CAMPAIGNERS and amenity groups are coming to terms with the borough having its third different administration of the year.
Councillor Susan Hall was voted the first female leader of Harrow Council at a packed extraordinary full council meeting held on Monday at Harrow Civic Centre after councillor Thaya Idaikkadar and his Independent Labour group, which had been ruling as a minority administration, were deposed after six months.
Georgia Weston, who lives in Headstone Lane, Harrow, and led the opposition to plans to turn Broadfields Country Club into a caravan park, said: “I voted Independent in 2010, so I’m in the middle, but in 2010 the people of Harrow voted for a Labour administration at the election. We now have a Conservative leader and this was not done through the ballot box and it was not done democratically.”
Darren Diamond, a Liberal Democrat activist, said: “At the last cabinet meeting the Harrow Weald Lib Dems submitted six petitions. We are talking to residents and reporting problems to the council, day in, day out. This is a service people should be getting from their local councillors, but they are too busy playing political games at the civic centre.
“With the councillor numbers the way they are, no one party can have a majority. If they want to control the council so badly, maybe they should all resign, call an election and actually let the people of Harrow decide.”
Irene Wears, of Campaign For A Better Harrow Environment, said: “If what has happened means we are going to have stability with which to steer through and oversee the momentous changes that are happening now the new local plan is finalised, it can only be a good thing, although this is not a political statement in favour of the Tories.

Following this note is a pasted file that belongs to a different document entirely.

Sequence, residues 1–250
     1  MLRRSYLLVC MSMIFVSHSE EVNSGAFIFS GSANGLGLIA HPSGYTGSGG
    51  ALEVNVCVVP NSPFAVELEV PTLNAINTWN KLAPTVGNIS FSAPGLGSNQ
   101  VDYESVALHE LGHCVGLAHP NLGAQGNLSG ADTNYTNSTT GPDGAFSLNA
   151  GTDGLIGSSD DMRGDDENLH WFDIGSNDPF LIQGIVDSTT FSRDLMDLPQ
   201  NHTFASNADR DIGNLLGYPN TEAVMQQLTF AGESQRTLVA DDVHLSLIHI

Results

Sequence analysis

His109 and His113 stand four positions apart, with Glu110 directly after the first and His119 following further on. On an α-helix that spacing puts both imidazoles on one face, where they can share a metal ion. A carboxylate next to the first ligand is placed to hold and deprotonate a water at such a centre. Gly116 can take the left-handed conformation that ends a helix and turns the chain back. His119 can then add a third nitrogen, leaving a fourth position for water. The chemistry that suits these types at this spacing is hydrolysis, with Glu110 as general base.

“Hopefully Harrow can move forward and blossom.”
Asif Iqbal, president of Harrow Deaf Club, who attended the meeting, said: “I do not think it matters who is the leader. I know people have got some quite strong feelings about what is going on politically and it can look bad to people who are looking in at Harrow, but all that matters is that residents have access to services.”
Seven of the eight Independent Labour members – all except councillor Krishna James, who abstained – supported handing back power to Ms Hall and the Tories.
An Independent Labour group statement said afterwards: “We are upholding the Labour values of fairness and justice, but unfortunately, instead of considering the merit of the motion from their own existing members and set-up an investigation, Labour expelled us.
“We did not have a choice but to stand up with the people who came to our rescue in our hour of need when we faced discrimination.”
Harrow Council is composed of 25 Conservatives, 25 Labour, eight Independent Labour, three Independents, one Liberal Democrat and one UK Independence Party member.
Ms Hall told the Observer afterwards: “First female leader of the council? I’m absolutely delighted.
“There’s gaps in the budget we will be looking at. The residents are complaining that the roads are filthy and the parks unkempt. The reality is I want the Conservative vision: a cleaner, safer and fairer Harrow.”